Now, whenever my thoughts drift to borrowing to invest more in the stock market, I remind myself of what could have happened if I had been leveraged in 2008. The losses would have been devastating. So, I stick to having no debt, I have a modest cash cushion, and I won’t invest money in stocks unless I believe I won’t need the money for at least 5 years.

Costs Matter

During my early forays into mutual funds through advisors, I didn’t know about MERs and other costs. Even as I began to learn about these costs, I didn’t appreciate that these small percentages add up to big money. Costs can easily consume half your savings over a lifetime of investing. Even as I moved to choosing my own stocks, I didn’t appreciate how expensive currency exchange could be. Today I keep my costs very low, and I use Norbert’s Gambit to save money on currency exchange.

GICs give poor returns over the long term

I invested my first RRSP contribution in GICs. At the time, I expected to keep all my savings in GICs indefinitely. I didn’t think of myself as the sort of person who could succeed in the stock market. I later went through a phase of overconfidence.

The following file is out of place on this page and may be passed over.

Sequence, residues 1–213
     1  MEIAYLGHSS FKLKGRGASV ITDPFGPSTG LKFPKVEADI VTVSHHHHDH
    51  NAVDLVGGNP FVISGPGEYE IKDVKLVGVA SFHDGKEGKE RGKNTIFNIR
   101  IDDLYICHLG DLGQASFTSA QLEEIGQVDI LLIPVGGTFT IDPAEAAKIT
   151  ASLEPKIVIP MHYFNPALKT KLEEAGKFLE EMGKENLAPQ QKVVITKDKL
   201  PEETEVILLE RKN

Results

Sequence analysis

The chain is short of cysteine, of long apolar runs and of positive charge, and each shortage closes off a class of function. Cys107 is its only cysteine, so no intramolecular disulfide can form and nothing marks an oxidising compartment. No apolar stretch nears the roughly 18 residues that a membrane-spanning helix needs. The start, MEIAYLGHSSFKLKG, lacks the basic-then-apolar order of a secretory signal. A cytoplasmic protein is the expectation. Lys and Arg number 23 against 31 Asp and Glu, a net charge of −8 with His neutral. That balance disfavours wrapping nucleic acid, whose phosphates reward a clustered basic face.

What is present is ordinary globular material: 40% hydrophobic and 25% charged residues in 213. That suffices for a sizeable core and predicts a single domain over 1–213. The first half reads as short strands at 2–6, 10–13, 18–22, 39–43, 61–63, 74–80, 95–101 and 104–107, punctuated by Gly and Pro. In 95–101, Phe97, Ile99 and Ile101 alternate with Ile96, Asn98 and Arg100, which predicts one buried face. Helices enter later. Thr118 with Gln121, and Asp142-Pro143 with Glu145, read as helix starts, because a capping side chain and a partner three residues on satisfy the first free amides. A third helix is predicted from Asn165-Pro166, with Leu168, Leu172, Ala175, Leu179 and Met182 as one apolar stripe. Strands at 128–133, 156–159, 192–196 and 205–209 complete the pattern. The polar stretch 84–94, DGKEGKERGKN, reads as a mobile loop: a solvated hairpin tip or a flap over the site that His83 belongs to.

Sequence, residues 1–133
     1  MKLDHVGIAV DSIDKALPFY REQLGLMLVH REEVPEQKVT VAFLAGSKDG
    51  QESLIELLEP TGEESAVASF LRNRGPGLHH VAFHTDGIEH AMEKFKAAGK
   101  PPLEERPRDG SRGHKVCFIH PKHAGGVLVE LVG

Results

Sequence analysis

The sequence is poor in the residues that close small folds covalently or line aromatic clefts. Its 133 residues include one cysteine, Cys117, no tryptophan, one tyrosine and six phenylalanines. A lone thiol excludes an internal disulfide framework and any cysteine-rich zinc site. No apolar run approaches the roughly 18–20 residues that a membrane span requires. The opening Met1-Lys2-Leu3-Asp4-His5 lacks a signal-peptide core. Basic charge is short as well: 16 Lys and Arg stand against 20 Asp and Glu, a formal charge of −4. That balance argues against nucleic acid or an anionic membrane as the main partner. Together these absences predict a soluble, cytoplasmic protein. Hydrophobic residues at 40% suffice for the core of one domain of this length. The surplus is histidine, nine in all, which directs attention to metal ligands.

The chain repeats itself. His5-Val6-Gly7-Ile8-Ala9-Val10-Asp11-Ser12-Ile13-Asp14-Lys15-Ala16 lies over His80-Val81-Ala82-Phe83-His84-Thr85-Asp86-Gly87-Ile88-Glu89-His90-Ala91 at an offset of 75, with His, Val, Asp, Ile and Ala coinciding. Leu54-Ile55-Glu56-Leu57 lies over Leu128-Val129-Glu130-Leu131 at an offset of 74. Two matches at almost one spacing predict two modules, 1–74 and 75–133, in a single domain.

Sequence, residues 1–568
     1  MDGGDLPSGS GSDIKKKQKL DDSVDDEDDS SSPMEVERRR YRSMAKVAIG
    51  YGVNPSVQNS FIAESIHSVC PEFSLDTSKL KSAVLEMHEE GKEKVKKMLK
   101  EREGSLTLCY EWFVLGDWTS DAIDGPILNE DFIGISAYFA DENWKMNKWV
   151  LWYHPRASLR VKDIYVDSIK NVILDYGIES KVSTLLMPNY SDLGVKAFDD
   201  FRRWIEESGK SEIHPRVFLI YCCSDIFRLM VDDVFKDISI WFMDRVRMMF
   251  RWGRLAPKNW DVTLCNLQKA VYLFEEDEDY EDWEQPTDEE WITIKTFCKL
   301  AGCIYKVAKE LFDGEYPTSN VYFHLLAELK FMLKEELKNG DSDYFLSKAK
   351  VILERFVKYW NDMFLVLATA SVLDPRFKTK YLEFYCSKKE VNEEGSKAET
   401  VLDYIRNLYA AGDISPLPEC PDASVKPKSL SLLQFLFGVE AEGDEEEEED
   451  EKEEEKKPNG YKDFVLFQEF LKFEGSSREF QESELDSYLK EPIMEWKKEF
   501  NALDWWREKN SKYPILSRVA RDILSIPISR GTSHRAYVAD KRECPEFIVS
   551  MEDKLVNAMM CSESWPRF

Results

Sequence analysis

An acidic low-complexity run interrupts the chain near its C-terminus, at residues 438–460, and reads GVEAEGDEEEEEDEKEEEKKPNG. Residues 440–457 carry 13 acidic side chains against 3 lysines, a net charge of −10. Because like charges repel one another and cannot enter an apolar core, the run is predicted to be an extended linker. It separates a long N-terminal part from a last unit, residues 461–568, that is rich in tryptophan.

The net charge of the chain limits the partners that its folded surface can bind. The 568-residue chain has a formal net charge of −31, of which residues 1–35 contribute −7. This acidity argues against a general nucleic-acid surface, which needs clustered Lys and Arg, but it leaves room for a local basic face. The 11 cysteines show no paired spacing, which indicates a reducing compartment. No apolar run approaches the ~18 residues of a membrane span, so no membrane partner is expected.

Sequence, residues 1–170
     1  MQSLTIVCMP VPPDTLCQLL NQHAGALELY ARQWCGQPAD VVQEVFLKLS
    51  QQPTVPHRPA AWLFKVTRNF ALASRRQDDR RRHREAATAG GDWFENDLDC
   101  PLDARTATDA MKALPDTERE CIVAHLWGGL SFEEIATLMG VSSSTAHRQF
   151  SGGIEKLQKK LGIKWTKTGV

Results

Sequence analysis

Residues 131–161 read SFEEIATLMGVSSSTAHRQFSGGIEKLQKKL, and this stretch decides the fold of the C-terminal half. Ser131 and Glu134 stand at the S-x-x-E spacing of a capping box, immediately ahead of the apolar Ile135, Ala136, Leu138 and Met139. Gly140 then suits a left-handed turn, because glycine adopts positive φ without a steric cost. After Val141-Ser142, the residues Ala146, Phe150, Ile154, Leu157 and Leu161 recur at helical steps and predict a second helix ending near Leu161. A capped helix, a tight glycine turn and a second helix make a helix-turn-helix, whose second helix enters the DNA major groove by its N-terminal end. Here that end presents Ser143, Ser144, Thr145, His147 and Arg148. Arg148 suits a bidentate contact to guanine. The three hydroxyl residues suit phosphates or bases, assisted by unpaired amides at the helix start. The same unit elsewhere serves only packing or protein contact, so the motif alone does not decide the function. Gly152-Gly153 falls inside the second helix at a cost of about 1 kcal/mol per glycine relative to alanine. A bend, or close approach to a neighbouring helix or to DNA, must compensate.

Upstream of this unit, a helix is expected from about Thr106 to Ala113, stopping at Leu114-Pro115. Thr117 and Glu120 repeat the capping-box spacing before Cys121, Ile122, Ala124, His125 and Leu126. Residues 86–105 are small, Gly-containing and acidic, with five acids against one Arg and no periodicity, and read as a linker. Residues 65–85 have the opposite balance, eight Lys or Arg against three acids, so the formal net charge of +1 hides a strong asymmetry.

Now I realize how easy it is to beat GICs over the long run with buy-and-hold low-cost indexing. GICs are great when you need the money in the short-term, but if I had stuck to GICs, I’d only have a fraction of my current savings.

Analyzing stocks takes a lot of time

This is more about loss of time than loss of money, but both are important. I used to believe I could pick above-average stocks and had convinced myself that I enjoyed all the work. But the truth is that I can’t get an edge on professional investors, and I enjoyed the idea of making more money and not the actual process of combing through the details of dozens of annual reports. I haven’t studied a stock in detail in years and I don’t miss it.